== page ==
The three main varieties of cacao beans used in chocolate are criollo, forastero, and trinitario.
Representing only five percent of all cocoa beans grown, criollo is the rarest and most expensive cocoa on the market,
and is native to Central America, the Caribbean islands and the northern tier of South American states.
There is some dispute about the genetic purity of cocoas sold today as criollo, as most populations have been exposed to the
genetic influence of other varieties.
Criollos are particularly difficult to grow, as they are vulnerable to a variety of environmental threats and produce low yields of cocoa per tree.
The flavor of criollo is described as delicate yet complex, low in classic chocolate flavor, but rich in "secondary" notes of long duration.
The most commonly grown bean is forastero, a large group of wild and cultivated cacaos, most likely native to the Amazon basin.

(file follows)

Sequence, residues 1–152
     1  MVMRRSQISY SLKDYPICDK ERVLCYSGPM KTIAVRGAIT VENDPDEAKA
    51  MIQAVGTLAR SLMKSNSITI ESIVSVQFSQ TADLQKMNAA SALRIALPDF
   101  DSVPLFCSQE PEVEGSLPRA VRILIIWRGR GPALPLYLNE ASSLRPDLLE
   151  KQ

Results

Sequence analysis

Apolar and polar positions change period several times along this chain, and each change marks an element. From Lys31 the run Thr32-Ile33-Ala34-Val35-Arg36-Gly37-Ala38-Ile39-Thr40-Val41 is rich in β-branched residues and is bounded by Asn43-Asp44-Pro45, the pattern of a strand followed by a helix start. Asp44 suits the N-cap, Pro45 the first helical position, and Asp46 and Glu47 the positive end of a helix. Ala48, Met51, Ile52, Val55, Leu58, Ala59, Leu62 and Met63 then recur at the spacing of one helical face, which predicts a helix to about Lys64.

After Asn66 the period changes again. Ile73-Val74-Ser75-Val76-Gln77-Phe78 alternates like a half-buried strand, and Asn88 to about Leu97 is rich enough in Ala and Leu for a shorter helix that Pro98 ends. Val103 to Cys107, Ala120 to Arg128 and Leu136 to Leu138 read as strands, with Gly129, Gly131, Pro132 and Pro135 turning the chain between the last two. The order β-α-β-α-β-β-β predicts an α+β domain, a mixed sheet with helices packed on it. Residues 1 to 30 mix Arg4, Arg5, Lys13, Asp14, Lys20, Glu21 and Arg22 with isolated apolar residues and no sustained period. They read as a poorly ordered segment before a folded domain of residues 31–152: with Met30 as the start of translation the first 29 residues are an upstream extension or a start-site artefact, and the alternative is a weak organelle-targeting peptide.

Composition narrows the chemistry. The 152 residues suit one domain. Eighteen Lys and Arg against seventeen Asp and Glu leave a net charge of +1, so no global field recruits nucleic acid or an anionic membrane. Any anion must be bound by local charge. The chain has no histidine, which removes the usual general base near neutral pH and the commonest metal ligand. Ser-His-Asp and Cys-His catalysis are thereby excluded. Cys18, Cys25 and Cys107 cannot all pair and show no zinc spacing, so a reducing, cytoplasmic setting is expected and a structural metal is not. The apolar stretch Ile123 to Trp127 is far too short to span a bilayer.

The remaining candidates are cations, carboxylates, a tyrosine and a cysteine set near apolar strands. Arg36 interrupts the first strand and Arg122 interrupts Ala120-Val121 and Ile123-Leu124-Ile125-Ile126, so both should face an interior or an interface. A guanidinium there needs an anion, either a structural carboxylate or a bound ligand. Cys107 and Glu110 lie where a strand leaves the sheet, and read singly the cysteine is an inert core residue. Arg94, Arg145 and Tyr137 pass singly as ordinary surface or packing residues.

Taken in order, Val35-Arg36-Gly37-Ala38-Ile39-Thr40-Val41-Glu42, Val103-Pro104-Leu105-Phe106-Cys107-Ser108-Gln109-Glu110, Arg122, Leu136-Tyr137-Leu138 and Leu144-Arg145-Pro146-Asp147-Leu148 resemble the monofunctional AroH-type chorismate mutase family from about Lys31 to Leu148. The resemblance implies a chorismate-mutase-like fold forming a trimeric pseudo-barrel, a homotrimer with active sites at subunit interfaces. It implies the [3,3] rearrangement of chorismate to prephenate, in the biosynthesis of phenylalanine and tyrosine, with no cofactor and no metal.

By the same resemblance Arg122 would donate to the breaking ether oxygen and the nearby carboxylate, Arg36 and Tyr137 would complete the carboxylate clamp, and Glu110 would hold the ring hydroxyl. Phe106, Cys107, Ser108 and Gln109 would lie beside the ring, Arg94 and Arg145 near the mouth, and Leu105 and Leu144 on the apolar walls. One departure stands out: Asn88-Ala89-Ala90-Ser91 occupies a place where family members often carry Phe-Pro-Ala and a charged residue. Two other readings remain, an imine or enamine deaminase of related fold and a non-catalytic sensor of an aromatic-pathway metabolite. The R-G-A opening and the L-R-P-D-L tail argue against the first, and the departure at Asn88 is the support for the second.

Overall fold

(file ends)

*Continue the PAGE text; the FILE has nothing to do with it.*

The African cocoa crop is entirely of the forastero variety. They are significantly hardier and of higher yield than criollo.
The source of most chocolate marketed, forastero cocoas are typically strong in classic "chocolate" flavor, but have a short
duration and are unsupported by secondary flavors, producing "quite bland" chocolate.
Trinitario is a natural hybrid of criollo and forastero. Trinitario originated in Trinidad after an introduction of forastero to the local criollo crop.
Nearly all cacao produced over the past five decades is of the forastero or lower-grade trinitario varieties.